How are we going to deliver the zero-carbon energy transition that our world needs? Green hydrogen and offshore wind energy will be key elements. At Tractebel, we are engineering solutions that combine offshore wind farms with hydrogen technology – delivering a major breakthrough to fuel your zero-carbon transition.
Blowing towards a hybrid
Tractebel is known for leading expertise in both wind and hydrogen technology. Our engineers are continually evaluating data and trends, looking for innovative opportunities to collaborate across disciplines. During our work, we identified two emerging developments in favour of a hybrid solution combining both wind and hydrogen technology.
First, meeting the anticipated demand for carbon-neutral hydrogen requires electrolysis capacities in the gigawatt (GW) range. For Germany alone, studies forecast demand between 130 and 275 GW by 2050. Offshore wind is the only renewable energy source that can supply at least part of this additional electricity demand. The possibilities are exciting. In the European North Sea, the potential for offshore wind exceeds 630 GW.
Second, offshore wind farms are installed increasingly far from the coast, requiring expensive and long cables to connect to power grids. With the ability to produce hydrogen power onsite, these farms could absorb 100 percent of the electricity output. This could make wind farms completely independent from the electric grid, meaning no more need for expensive cables and the possibility of even farther ranging installations offshore.
Combining engineering expertise
Our teams went to work and engineered a breakthrough solution: producing hydrogen directly offshore on a 400 MW platform near the wind farms themselves.
The heart of the platform is the electrolysis system, which uses direct current electricity to split water into hydrogen and oxygen. The offshore platform hosts the complete balance of plant equipment for gas and water handling, cooling and medium-voltage electricity conversion. Watch the video here.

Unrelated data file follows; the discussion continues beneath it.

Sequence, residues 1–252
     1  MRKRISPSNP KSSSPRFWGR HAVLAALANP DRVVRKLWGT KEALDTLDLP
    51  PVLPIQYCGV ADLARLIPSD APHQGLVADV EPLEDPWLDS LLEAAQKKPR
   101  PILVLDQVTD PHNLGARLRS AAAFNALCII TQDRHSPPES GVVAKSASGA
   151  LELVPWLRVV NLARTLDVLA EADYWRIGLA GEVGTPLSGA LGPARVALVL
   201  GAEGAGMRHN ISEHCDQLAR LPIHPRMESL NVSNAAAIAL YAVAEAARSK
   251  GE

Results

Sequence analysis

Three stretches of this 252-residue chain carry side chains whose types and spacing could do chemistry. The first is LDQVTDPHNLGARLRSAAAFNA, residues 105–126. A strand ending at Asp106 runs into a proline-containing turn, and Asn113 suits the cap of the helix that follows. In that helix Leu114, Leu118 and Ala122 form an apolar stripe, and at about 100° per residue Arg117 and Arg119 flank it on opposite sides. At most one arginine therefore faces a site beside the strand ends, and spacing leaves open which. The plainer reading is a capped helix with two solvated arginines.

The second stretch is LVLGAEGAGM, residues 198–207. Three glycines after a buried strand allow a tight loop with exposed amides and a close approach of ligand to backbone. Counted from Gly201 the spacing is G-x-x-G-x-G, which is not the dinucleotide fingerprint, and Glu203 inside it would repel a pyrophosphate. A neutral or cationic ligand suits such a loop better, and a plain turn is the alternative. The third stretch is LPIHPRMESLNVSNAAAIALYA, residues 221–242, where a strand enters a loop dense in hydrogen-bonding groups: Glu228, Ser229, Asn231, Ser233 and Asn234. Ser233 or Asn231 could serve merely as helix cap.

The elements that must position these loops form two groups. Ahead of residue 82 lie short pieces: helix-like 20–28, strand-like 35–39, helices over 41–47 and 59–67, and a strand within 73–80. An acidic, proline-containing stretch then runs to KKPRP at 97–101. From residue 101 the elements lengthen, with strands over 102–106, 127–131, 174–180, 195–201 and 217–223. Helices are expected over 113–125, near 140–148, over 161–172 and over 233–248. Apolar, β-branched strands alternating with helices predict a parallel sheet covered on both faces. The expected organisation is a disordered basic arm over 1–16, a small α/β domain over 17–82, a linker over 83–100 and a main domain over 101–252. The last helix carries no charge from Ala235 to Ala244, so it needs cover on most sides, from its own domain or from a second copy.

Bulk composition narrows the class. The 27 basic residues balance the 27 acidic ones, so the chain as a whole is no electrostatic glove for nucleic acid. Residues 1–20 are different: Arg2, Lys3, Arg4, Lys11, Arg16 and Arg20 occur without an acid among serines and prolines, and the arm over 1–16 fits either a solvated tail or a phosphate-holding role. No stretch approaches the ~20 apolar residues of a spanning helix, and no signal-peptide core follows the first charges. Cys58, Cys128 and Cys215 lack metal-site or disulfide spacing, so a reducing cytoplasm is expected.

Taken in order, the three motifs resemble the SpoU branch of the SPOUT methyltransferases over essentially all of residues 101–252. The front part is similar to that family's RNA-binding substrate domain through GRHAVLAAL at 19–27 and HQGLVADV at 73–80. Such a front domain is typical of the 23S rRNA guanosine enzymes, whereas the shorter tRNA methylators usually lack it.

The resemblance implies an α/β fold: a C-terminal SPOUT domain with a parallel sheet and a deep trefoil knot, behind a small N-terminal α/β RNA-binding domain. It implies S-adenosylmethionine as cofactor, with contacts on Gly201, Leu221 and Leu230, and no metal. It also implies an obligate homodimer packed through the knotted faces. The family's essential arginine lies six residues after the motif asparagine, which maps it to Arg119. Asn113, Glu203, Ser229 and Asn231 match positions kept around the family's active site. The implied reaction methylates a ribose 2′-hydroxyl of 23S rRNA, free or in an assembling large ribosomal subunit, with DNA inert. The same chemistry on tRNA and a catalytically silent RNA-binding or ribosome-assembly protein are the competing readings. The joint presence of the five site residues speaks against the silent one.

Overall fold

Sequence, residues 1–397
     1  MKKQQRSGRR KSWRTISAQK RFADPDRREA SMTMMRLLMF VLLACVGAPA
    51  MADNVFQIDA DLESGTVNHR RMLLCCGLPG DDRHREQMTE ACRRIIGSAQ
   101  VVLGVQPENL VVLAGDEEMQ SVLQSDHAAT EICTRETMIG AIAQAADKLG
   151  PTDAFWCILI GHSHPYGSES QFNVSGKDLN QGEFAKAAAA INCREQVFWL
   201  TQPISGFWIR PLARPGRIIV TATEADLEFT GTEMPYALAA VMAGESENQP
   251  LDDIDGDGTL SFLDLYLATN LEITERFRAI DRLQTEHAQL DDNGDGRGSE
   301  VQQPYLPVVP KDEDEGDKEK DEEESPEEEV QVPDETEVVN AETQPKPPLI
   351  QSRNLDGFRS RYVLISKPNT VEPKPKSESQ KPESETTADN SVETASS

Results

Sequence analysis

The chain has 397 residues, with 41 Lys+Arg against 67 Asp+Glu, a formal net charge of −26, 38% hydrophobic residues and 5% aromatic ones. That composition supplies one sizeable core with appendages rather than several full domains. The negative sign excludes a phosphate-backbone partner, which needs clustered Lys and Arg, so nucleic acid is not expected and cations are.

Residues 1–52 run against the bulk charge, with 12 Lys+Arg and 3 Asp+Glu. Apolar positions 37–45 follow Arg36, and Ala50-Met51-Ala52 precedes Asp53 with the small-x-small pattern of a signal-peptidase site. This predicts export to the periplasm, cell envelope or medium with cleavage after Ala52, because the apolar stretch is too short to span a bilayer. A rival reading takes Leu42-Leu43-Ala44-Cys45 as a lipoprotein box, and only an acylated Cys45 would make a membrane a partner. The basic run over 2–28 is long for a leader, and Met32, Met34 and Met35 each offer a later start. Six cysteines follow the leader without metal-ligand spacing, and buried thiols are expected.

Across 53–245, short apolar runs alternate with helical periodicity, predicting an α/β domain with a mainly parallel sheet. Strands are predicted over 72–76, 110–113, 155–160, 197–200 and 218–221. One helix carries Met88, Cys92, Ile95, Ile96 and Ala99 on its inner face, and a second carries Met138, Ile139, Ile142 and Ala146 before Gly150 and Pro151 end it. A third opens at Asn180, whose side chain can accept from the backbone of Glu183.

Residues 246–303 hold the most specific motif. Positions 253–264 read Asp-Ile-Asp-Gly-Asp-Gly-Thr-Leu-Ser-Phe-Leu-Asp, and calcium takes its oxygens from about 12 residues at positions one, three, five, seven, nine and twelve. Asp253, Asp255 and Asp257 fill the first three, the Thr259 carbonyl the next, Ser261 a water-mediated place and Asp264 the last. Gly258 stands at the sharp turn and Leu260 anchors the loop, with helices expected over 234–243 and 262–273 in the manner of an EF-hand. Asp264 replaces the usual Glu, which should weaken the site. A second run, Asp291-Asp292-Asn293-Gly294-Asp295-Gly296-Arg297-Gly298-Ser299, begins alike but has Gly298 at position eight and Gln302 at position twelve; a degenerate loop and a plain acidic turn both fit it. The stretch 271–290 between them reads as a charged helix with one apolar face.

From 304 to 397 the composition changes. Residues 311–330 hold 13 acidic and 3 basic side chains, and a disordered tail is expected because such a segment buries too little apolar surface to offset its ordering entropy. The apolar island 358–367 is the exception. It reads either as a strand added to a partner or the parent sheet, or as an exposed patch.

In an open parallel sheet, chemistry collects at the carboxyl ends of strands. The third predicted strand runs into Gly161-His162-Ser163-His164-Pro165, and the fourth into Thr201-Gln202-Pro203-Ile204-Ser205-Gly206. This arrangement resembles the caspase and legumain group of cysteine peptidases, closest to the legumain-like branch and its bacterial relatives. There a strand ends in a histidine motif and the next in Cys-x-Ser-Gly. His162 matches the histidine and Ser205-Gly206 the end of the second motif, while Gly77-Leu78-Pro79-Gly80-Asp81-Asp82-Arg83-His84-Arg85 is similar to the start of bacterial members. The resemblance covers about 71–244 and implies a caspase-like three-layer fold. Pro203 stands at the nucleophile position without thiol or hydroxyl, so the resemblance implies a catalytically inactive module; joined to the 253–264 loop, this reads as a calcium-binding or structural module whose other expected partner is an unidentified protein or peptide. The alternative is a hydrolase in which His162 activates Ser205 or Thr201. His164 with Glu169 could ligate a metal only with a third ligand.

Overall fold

Hydrogen can be piped to shore via subsea pipelines. Industrial use, however, requires securing a steady baseload of hydrogen flow. In Europe, where the ENGIE group has conducted extensive research, underground salt caverns are ideally suited for this storage. Our experts are scouting more locations for offshore hydrogen production in the UK, the Netherlands and the United States among other target countries.
Our teams are also exploring additional promising forms of transport. Chemical carriers such as ammonia could enable the transport of green energy on tank vessels. This could spur a global trade in hydrogen energy. Liquefied hydrogen and Liquid Organic Hydrogen Carriers (LOHC) are also emerging as exciting possibilities.
The flexibility of offshore hydrogen production offers compelling use cases. The platform could be designed to absorb 100 percent of the electricity output, making it completely independent from the electric grid. No more need for expensive and long cables.
It could also operate in hybrid mode with only a certain share of electricity output for hydrogen production and the remaining transported via electric cables. This would improve the efficiency of the complete offshore energy system – saving costs and offering flexibility for wind farm operators and transmission grid operators.
Cost and carbon savings
Tractebel’s solution could significantly save on cost and carbon emissions. Since all the required equipment is centralised at sea, operators can produce large quantities of green hydrogen at a competitive price. Maintenance is far more efficient, and the modular design enables more flexible operations and scale.
How much green hydrogen energy are we talking about? Enough to fuel more than 229,000 cars or 8,000 buses for one year! Since hydrogen production is carbon neutral, this saves 300,000 tons of carbon emissions a year.
I personally think that offshore hydrogen production can play an important role in the energy transition. When talking to colleagues and presenting this topic to public audiences, I see that the concept attracts lots of interest – both from technical and economic perspectives. For sure we need to take many difficult steps to master the energy transition. This is one step – let’s push forward to bring this concept to life!
Come meet us
The wind is truly blowing in favour of hydrogen power from offshore wind farms. Come meet us in person to talk about this exciting breakthrough at upcoming conferences in Germany.